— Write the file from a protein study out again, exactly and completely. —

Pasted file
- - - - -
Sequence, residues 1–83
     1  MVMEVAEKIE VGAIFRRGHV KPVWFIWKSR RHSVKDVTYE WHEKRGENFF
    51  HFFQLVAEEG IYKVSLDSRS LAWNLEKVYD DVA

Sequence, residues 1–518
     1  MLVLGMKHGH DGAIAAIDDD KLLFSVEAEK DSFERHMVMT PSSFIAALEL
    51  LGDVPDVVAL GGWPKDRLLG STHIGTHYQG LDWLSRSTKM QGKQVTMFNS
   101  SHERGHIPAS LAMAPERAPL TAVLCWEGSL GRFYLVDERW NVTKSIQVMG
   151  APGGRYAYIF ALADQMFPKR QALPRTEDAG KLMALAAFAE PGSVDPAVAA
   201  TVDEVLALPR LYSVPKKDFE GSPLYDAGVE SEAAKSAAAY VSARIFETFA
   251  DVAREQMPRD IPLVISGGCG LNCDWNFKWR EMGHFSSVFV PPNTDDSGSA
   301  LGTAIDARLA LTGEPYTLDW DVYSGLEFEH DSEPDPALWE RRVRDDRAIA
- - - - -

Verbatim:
Sequence, residues 1–83
     1  MVMEVAEKIE VGAIFRRGHV KPVWFIWKSR RHSVKDVTYE WHEKRGENFF
    51  HFFQLVAEEG IYKVSLDSRS LAWNLEKVYD DVA

Sequence, residues 1–518
     1  MLVLGMKHGH DGAIAAIDDD KLLFSVEAEK DSFERHMVMT PSSFIAALEL
    51  LGDVPDVVAL GGWPKDRLLG STHIGTHYQG LDWLSRSTKM QGKQVTMFNS
   101  SHERGHIPAS LAMAPERAPL TAVLCWEGSL GRFYLVDERW NVTKSIQVMG
   151  APGGRYAYIF ALADQMFPKR QALPRTEDAG KLMALAAFAE PGSVDPAVAA
   201  TVDEVLALPR LYSVPKKDFE GSPLYDAGVE SEAAKSAAAY VSARIFETFA
   251  DVAREQMPRD IPLVISGGCG LNCDWNFKWR EMGHFSSVFV PPNTDDSGSA
   301  LGTAIDARLA LTGEPYTLDW DVYSGLEFEH DSEPDPALWE RRVRDDRAIA